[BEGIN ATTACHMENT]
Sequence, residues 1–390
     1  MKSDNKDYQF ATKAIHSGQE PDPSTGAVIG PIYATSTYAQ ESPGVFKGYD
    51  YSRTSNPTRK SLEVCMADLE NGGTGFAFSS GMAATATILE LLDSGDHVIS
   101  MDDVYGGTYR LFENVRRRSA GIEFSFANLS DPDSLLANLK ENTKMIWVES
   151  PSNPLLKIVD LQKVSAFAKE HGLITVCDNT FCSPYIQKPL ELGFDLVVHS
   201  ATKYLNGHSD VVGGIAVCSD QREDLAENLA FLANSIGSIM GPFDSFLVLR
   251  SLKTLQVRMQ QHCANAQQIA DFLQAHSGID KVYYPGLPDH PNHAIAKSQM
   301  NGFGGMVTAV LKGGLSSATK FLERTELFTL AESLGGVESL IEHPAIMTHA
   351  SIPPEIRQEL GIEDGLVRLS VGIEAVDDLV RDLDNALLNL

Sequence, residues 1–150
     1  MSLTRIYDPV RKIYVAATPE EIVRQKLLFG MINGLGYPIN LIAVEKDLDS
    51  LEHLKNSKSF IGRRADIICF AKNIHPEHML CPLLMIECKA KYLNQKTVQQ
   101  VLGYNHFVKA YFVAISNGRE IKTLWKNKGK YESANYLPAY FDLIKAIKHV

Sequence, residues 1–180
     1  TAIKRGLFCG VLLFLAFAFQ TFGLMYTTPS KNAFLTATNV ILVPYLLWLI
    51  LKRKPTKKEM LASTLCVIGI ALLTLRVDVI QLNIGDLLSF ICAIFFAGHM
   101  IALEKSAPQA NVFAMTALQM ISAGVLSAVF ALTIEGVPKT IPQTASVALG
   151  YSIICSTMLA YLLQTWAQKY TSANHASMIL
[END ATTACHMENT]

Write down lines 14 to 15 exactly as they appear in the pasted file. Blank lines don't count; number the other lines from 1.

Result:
Sequence, residues 1–180
     1  TAIKRGLFCG VLLFLAFAFQ TFGLMYTTPS KNAFLTATNV ILVPYLLWLI